Atavist is unique in that only publishes a single story per month. But it’s always a long and interesting read and it’s beautifully designed. Evan and his team strongly feel that writing and designing on the web shouldn’t feel like a chore. “Our goal is to enable creative individuals and organizations to produce beautiful and shareable stories, attract new audiences, and build business around their work—without knowing a line of code” – that’s the proclaimed mission of Atavist.
At the Digital Innovator’s Summit (20-22 March, Berlin), Evan will explain how he built a thriving home for deeper stories, beautiful design, and innovative publications. Save hundreds of Euros on the final delegate rates for the Digital Innovators’ Summit by booking with our Early Bird offer – ending soon.
In this interview with Ulrike Langer, Evan talks about the longform, the importance of design and what inspires him in storytelling.
The Atavist Magazine is one of maybe a dozen websites proving that not all content needs to be “snackable” in the digital age. What does it take to make longform successful?
Evan Ratliff: Well, there are different ways to define “successful,” in the context of longform storytelling. If you define it to mean producing great writing and design, then it takes the work of a small editorial group — smaller than you might think: a reporter/writer, an editor, a designer, a fact-checker — and enough resources to make sure that they can all do their jobs well. We’ve always been committed to trying to produce the highest quality journalism, and to spend the time to do it right, so for us it’s also staying focused, doing 12 stories a year, and trying to make them all memorable.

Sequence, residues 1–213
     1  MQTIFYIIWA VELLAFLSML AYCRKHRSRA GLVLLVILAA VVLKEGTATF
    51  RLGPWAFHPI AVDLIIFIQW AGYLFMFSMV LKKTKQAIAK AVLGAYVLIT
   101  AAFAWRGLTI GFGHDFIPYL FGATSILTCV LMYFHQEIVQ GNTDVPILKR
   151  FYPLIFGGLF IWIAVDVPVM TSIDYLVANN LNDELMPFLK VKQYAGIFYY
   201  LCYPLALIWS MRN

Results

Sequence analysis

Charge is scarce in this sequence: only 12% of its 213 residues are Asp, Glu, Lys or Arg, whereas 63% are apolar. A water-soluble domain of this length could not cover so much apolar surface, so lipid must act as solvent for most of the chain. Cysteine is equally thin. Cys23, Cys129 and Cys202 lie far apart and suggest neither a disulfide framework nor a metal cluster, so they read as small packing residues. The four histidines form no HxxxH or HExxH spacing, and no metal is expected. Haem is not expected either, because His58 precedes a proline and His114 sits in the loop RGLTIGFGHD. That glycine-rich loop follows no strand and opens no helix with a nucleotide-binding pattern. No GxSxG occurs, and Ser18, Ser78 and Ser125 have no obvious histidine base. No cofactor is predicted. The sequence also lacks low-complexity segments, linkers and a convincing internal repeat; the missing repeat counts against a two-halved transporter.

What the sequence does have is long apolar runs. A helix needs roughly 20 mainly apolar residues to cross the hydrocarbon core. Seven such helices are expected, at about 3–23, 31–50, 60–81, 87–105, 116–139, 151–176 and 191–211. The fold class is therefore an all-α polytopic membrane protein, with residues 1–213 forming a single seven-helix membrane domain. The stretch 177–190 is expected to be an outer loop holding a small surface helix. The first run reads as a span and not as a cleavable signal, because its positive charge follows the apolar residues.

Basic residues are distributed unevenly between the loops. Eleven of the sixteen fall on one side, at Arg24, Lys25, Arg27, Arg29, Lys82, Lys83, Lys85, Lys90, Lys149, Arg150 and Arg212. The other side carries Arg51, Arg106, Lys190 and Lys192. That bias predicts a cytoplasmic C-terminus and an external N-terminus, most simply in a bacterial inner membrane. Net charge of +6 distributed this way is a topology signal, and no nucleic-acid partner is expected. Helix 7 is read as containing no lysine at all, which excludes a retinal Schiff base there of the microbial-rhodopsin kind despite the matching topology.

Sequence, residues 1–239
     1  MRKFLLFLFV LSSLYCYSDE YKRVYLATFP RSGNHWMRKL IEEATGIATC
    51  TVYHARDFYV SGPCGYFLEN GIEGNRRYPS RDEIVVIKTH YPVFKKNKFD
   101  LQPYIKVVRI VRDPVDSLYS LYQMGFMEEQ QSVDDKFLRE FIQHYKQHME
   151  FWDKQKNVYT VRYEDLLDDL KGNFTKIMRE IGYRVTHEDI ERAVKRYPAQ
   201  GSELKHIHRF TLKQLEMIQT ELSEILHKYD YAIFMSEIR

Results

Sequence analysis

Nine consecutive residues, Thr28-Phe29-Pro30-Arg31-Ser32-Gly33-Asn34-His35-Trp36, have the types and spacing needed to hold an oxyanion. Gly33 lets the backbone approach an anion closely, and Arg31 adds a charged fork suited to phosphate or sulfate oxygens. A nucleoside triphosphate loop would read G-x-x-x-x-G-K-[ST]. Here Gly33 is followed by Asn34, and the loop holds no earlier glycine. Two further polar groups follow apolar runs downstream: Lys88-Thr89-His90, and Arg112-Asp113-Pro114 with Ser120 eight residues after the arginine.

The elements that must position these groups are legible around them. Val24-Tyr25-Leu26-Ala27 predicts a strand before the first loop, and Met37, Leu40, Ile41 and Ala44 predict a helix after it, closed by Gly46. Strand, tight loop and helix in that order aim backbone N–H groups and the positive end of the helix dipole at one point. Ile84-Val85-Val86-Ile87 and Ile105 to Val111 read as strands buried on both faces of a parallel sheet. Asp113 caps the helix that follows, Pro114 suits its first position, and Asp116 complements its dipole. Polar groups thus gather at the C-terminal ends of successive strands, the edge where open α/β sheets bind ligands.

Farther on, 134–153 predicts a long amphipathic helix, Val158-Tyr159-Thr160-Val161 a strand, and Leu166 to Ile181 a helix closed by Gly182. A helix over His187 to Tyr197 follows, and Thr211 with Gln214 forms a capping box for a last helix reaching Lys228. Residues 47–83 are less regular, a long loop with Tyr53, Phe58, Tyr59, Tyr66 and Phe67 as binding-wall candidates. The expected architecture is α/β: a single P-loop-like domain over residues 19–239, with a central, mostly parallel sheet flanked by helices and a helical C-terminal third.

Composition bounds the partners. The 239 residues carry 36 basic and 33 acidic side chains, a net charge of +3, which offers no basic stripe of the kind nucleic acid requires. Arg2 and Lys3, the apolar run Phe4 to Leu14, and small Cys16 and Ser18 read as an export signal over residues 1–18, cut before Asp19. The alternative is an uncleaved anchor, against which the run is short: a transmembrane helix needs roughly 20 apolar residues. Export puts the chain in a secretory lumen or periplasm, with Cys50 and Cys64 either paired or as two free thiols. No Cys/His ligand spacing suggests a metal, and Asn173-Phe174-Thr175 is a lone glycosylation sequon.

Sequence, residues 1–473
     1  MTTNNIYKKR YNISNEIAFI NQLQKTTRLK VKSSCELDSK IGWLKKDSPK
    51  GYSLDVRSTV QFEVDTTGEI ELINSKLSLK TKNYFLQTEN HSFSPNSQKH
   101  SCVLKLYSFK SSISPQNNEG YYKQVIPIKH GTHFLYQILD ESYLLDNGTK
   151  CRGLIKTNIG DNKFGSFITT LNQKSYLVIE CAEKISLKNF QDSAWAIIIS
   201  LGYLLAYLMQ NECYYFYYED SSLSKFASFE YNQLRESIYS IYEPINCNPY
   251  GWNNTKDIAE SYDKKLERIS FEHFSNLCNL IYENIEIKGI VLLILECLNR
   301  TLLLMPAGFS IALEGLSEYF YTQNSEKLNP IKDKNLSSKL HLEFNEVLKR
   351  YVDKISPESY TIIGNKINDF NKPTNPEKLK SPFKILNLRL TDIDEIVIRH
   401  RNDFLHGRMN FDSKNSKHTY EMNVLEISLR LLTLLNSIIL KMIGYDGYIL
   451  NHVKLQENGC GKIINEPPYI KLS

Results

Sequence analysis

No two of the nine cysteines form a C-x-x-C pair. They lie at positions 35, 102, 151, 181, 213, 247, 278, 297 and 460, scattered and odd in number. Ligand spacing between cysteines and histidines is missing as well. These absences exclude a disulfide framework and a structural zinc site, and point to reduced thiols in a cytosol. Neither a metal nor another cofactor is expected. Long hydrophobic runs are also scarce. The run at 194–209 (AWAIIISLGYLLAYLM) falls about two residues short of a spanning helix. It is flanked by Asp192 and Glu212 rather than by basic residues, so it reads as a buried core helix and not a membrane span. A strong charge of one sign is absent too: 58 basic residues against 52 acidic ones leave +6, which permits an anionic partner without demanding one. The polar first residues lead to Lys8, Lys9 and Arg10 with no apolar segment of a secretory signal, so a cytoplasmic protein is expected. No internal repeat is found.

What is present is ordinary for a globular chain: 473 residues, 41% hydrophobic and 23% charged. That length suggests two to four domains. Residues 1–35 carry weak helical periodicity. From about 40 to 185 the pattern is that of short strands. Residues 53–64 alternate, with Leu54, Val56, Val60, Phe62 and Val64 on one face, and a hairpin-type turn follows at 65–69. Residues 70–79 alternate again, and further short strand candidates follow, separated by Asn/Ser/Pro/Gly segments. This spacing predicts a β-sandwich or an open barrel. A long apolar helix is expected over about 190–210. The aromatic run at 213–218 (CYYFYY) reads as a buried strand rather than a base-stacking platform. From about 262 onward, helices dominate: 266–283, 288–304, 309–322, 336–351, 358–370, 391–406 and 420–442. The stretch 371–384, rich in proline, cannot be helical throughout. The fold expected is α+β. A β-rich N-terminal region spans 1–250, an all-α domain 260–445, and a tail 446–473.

If you definite “successful” to mean financially successful, it’s a trickier question to be sure! We’ve combined our editorial operation with a software platform so that we have a different revenue engine than just the stories themselves. We also do a lot of work with Hollywood to find film and television homes for the stories. It is a model that we’ve made work for five years, and the software and our audience are growing, but we’re still working to find the best way to keep it sustainable into the future.
In biology, an atavism is an evolutionary throwback. What is the meaning of “Atavist” in publishing?
For us, it means applying some of the older principles of storytelling and journalism — deep characters, a gripping plot, double checking all of the facts — in the context of the digital world.
How many stories have been published on Atavist since launch and what kind of stories have been the most successful?
We’ve published 56 stories over five years. There is not a clear pattern to the ones that have been most successful, except that they have some kind of emotional or character hook that seems to draw readers in and cause them to not want to put the story down.
Your site’s design has been compared to “Snowfall” – setting new standards for publishing platforms. How important is design for longform storytelling?
For us, it is essential, just as the design and style of a print magazine is central to its identity and story-telling. We always want to use the design, and whatever digital elements make sense — whether video, interactive elements, sound, or visuals — to help bring the narrative to life.